Unfortunately, manufacturing an electric car may pose a greater environmental risk than building a gasoline vehicle. The 2015 report by the Union of Concerned Scientists states, “Manufacturing a mid-sized [electric vehicle (EV)] with an 84-mile range results in about 15 percent more emissions than manufacturing an equivalent gasoline vehicle. For larger, longer-range EVs that travel more than 250 miles per charge, the manufacturing emissions can be as much as 68 percent higher” (Union of Concerned Scientists, “Cleaner Cars from Cradle to Grave,” 11.2015).
The biggest issue with the electric car pertains to its lithium-ion battery, the central power source of the automobile. In order to create these large, bulky lithium batteries, manufacturers need large supplies of lithium, an expensive and rare metal that exists in tiny quantities (Autoevolution, “Six Problems With Electric Cars That Nobody Talks About,” 11.06.2017).
Other extremely rare earth minerals include dysprosium, lanthanum, neodymium and praseodymium, most of which (around 99 percent) are wasted upon extraction due to contamination from the toxic mining process (Wired, “Tesla’s Electric Cars Aren’t As Green As You Might Think,” 03.31.2016; Autoevolution). This means battery recycling plays a critical role in making sure that the remaining useable rare metals are expended as efficiently as possible, which comes in direct conflict with the fact that there is still no environmentally safe way to recycle lithium-ion batteries (The Conversation, “Not so fast: why the electric vehicle revolution will bring problems of its own,” 04.16.2018).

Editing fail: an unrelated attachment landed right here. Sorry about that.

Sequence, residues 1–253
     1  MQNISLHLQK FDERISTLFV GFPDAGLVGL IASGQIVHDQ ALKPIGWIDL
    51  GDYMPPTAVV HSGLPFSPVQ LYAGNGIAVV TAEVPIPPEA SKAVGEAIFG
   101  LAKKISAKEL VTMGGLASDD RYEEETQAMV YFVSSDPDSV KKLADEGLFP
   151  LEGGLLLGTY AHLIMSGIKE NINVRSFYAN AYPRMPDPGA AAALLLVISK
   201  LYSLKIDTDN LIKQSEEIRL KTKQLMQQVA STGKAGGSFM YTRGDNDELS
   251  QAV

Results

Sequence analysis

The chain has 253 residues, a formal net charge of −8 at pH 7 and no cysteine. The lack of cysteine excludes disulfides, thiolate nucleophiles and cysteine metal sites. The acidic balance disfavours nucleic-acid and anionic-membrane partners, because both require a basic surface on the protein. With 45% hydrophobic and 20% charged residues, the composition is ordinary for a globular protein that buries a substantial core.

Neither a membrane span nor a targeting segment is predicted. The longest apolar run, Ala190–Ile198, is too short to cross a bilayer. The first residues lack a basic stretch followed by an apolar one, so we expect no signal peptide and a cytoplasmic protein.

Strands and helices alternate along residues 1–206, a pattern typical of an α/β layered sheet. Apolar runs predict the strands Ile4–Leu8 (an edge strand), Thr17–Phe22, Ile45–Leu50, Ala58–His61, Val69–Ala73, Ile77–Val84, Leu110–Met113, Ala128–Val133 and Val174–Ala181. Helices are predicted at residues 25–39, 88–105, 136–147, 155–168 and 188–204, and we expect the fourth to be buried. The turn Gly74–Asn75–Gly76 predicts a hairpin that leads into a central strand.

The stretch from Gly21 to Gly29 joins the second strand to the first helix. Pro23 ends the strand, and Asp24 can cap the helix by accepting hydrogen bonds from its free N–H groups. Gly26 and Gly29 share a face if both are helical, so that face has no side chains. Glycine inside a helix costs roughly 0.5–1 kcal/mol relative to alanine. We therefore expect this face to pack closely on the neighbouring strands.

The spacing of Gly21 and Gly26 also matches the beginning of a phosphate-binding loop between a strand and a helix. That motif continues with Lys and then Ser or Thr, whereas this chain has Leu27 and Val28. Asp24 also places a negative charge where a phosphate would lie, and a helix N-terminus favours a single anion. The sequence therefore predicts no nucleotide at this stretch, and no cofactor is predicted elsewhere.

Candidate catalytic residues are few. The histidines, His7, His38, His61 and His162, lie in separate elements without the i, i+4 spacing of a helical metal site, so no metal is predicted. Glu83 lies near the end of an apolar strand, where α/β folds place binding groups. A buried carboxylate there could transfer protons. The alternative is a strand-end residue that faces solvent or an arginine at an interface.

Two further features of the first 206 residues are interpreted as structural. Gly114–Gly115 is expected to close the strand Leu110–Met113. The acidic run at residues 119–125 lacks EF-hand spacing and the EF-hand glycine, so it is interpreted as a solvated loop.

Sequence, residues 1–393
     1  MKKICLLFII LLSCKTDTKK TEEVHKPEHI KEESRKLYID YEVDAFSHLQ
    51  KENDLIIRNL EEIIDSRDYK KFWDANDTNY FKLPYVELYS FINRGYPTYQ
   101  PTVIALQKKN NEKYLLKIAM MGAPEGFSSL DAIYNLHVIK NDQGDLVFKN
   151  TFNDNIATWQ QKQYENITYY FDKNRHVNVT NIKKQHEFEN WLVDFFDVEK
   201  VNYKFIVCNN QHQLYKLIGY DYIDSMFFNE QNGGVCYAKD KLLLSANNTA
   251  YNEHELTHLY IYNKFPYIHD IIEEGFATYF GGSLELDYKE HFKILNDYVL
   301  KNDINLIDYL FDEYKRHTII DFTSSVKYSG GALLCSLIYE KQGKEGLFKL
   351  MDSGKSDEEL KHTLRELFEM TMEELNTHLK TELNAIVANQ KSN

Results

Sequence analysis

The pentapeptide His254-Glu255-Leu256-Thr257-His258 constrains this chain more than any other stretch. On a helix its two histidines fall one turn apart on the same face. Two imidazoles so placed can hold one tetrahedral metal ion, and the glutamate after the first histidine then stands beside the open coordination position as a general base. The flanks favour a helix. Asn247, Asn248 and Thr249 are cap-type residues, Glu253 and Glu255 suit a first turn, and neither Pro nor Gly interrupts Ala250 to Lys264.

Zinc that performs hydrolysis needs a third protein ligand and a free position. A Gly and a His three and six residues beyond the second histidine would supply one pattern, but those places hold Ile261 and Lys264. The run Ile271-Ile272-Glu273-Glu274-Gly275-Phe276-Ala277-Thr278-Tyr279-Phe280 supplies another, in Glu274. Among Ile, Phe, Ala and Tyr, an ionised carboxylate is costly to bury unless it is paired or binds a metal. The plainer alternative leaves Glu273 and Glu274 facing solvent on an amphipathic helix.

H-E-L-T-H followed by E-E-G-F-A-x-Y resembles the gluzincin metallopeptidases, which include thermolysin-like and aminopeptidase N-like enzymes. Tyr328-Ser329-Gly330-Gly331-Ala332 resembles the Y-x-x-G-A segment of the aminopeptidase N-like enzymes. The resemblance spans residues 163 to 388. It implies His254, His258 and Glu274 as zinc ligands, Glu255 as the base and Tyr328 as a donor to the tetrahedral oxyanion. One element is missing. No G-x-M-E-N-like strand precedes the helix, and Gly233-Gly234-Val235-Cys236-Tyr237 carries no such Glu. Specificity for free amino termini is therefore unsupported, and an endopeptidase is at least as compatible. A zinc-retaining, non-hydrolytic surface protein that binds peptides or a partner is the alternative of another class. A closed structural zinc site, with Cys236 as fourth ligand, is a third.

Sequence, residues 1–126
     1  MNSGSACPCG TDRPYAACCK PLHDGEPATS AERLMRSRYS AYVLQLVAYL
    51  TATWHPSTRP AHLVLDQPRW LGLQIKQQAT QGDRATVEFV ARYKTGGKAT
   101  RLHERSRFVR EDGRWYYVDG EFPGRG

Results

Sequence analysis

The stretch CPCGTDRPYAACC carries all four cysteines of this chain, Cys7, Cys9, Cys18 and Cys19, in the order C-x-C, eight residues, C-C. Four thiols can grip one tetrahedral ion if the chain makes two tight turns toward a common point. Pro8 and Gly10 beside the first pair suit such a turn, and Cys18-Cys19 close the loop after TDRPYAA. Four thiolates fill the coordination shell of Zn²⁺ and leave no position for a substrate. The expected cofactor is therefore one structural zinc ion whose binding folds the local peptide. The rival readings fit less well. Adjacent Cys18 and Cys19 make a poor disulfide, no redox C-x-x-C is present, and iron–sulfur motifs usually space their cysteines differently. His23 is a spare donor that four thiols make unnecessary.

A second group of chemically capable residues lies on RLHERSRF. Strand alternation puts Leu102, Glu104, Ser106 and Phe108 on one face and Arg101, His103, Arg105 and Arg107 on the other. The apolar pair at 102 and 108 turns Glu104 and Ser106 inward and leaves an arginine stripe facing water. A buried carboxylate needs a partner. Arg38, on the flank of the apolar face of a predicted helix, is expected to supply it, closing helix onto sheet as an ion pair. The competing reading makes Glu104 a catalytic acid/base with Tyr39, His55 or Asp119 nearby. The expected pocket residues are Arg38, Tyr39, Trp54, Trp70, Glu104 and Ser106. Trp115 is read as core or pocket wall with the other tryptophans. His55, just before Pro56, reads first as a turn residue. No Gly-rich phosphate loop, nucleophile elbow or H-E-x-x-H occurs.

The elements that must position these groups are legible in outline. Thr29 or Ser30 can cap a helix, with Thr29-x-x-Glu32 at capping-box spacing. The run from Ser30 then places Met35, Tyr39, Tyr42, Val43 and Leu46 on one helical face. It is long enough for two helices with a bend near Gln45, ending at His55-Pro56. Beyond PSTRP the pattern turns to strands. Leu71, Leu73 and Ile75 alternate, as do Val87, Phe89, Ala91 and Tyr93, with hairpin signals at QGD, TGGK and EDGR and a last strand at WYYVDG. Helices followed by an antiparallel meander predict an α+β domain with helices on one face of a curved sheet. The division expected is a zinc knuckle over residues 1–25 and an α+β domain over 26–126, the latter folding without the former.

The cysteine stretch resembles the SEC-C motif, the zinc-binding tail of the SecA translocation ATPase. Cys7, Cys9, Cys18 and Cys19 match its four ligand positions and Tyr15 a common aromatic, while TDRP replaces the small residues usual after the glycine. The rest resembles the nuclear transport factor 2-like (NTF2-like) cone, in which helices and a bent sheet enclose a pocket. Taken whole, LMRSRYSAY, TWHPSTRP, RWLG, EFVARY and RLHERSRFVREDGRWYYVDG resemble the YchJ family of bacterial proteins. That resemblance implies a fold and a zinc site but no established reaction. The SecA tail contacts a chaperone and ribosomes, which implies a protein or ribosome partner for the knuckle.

Most importantly, our electric cars are only as green as our energy grid. If electricity in the United States relies on high-emission petroleum or coal, then all of the positive environmental impacts brought upon by all those fancy Tesla cars will amount to minimal progress at best (Scientific American, “Electric Cars Are Not Necessarily Clean,” 05.11.2016).
It is easy to be swept away by the hype surrounding the latest sexy, cutting-edge technology that markets itself as the next global solution to climate change. Tesla may promote itself as the vehicle that will save the future, but we cannot simply buy ourselves out of the hole we dug ourselves in. In fact, it’s the opposite: We need to reduce all forms of consumption from electricity to consumer goods for effective change to occur. If we want real progress, we must resist the temptation to find indulgent shortcuts and acknowledge the hard truth that we need to turn to all options, even unappealing ones, in order to approach a monumental dilemma like climate change.